A man who admitted to planning violent attacks against the Anti-Defamation League, a Las Vegas synagogue and a Fremont Street bar was ordered to serve two years in federal prison on Friday.
Conor Climo pleaded guilty to a weapons charge earlier this year, admitting that he “expressed biases and hatred against various racial and religious groups.”
His sentencing, originally set for the spring, was delayed throughout the pandemic and ultimately conducted through a teleconference.
“I would like to first admit that i was truly wrong for all of this,” Climo told U.S. District Judge James Mahan. “I truly apologize.”
According to his plea agreement, Climo admitted that while online between May 2019 and July 15, 2019 he threatened to use Molotov cocktails and improvised explosive devices in an attack on Lev HaShem Messianic Synagogue, 3644 N. Rancho Drive, about 7 miles from his home. He was arrested in August 2019.
“Defendant stated that he wanted to do more against the groups he hated by carrying out violent attacks against them,” court papers stated. “Defendant admitted to discussing plans for violent attacks online against the Anti-Defamation League, a local Las Vegas synagogue, and a local bar.”
Climo also sent a satellite image of the synagogue to an undercover FBI agent, highlighting a possible escape route after an attack.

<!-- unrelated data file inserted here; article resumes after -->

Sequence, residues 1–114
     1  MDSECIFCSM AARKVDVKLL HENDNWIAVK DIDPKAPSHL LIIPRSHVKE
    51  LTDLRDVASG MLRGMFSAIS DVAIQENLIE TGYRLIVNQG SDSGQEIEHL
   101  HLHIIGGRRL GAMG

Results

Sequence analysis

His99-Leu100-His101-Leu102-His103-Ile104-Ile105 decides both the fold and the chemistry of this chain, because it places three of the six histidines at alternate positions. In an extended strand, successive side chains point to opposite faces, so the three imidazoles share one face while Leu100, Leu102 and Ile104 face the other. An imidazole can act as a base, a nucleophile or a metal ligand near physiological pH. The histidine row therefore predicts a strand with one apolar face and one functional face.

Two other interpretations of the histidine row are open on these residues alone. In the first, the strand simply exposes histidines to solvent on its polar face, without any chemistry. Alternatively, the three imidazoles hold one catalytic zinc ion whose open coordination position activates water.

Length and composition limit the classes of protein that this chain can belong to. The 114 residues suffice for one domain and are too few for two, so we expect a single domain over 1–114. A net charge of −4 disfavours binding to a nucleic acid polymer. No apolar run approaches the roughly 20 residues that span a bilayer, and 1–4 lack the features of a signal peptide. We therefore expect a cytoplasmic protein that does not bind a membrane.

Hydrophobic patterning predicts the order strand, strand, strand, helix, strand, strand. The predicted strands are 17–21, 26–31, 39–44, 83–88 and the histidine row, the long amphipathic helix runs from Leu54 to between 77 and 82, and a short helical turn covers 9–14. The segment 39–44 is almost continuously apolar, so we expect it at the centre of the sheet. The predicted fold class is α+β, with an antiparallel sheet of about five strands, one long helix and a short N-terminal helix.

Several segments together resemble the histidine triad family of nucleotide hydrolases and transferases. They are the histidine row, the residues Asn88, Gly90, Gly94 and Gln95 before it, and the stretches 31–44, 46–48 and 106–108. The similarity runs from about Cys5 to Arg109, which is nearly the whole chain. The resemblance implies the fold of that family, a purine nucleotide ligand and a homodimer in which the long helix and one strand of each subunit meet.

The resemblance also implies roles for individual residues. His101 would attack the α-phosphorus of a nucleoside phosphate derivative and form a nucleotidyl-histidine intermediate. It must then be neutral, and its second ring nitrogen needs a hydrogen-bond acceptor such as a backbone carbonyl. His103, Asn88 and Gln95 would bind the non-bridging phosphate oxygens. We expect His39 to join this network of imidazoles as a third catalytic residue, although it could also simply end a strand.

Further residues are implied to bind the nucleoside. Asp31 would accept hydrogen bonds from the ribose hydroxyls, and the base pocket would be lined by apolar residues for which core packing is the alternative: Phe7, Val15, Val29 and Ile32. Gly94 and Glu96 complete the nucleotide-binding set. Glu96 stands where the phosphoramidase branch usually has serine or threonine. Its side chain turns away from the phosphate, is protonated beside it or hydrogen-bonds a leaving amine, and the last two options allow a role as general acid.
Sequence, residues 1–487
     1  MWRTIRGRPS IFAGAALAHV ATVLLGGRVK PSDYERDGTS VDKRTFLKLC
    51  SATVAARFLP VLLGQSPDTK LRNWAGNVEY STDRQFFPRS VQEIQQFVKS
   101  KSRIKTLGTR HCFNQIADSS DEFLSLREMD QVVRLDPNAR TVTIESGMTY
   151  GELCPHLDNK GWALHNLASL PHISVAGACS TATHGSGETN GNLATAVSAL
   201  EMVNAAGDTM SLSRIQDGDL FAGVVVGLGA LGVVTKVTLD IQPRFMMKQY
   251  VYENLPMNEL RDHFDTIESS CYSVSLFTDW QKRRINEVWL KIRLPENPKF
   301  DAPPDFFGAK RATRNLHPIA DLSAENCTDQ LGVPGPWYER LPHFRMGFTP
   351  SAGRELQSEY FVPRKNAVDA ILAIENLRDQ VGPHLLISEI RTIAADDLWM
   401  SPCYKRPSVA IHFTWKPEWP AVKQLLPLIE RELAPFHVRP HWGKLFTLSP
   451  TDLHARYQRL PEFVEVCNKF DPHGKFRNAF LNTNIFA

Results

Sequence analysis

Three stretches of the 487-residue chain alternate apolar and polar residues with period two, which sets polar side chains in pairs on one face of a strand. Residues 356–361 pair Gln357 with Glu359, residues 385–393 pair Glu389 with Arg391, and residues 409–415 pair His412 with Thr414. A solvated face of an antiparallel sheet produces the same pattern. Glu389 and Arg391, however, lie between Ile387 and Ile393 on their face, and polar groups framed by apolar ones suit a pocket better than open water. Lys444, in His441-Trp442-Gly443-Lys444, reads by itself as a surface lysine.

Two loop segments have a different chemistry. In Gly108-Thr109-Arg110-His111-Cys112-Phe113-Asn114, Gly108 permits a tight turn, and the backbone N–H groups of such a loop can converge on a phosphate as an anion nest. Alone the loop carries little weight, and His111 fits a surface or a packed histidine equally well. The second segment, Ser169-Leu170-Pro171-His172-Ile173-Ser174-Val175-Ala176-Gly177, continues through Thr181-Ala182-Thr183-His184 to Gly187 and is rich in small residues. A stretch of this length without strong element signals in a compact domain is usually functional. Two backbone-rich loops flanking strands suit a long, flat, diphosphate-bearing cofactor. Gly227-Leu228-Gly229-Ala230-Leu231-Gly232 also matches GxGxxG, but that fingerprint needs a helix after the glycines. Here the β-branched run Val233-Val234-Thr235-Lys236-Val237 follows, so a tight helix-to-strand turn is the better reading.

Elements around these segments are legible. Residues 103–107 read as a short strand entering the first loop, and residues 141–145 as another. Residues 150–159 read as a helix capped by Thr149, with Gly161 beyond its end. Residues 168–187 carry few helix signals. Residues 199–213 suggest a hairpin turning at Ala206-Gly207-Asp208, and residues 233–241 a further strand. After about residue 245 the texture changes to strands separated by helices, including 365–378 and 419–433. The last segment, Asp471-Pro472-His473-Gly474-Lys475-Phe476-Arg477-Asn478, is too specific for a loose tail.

Jolie Brislin, Nevada’s director of the Anti-Defamation League, expressed concern about Climo’s ultimate release from prison.
“We believe he may pose an ongoing risk to the Jewish community and perhaps others,” she said.
Prosecutors had asked for Climo to serve up to three years in prison, but deputy federal public defender Paul Riddle pointed out that Climo had already taken steps toward addressing mental health problems.
“This is a young man who truly has reformed,” Riddle said. “This is not a man who is filled with hate.”
Mahan ordered Climo to undergo supervised release for three years after his prison term ends, and he must undergo mental health treatment, take psychological medication, perform anger management classes and have no contact with any hate groups.
Through his deal with prosecutors, Climo, 24, avoided trial, and he also will be subject to electronic computer monitoring after his release from prison.
The charge to which he pleaded — possession of an unregistered firearm — stems from bomb-making materials found at his Las Vegas home, the Department of Justice has said.
Nevada U.S. Attorney Nicholas Trutanich said authorities acted quickly to apprehend Climo.
“Our office is committed to working closely with our law enforcement partners to disrupt and stop potential bias-motivated violence before it happens,” Trutanich said in a prepared statement. “Here, law enforcement in Nevada identified the defendant’s threats of violence — which were motivated by hate and intended to intimidate our faith-based and LGBTQ communities — and took swift action to protect our communities and ensure justice.”